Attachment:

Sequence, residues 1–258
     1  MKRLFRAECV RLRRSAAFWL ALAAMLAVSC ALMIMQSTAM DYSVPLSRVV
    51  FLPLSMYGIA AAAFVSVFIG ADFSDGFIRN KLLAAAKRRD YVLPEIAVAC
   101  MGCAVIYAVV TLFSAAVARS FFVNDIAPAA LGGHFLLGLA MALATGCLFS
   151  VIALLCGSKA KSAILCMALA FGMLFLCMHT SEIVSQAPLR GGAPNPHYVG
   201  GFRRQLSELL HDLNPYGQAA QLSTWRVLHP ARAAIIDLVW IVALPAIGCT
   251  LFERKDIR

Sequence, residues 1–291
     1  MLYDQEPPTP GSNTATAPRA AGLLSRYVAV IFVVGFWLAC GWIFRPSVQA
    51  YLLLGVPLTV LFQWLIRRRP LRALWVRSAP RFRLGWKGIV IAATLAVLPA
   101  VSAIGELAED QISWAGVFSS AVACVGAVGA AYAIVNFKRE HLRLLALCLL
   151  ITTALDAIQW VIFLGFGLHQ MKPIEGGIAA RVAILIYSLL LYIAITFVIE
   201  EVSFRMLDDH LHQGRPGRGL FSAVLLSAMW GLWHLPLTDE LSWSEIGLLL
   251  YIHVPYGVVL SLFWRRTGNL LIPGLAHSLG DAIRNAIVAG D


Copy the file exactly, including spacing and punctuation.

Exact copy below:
Sequence, residues 1–258
     1  MKRLFRAECV RLRRSAAFWL ALAAMLAVSC ALMIMQSTAM DYSVPLSRVV
    51  FLPLSMYGIA AAAFVSVFIG ADFSDGFIRN KLLAAAKRRD YVLPEIAVAC
   101  MGCAVIYAVV TLFSAAVARS FFVNDIAPAA LGGHFLLGLA MALATGCLFS
   151  VIALLCGSKA KSAILCMALA FGMLFLCMHT SEIVSQAPLR GGAPNPHYVG
   201  GFRRQLSELL HDLNPYGQAA QLSTWRVLHP ARAAIIDLVW IVALPAIGCT
   251  LFERKDIR

Sequence, residues 1–291
     1  MLYDQEPPTP GSNTATAPRA AGLLSRYVAV IFVVGFWLAC GWIFRPSVQA
    51  YLLLGVPLTV LFQWLIRRRP LRALWVRSAP RFRLGWKGIV IAATLAVLPA
   101  VSAIGELAED QISWAGVFSS AVACVGAVGA AYAIVNFKRE HLRLLALCLL
   151  ITTALDAIQW VIFLGFGLHQ MKPIEGGIAA RVAILIYSLL LYIAITFVIE
   201  EVSFRMLDDH LHQGRPGRGL FSAVLLSAMW GLWHLPLTDE LSWSEIGLLL
   251  YIHVPYGVVL SLFWRRTGNL LIPGLAHSLG DAIRNAIVAG D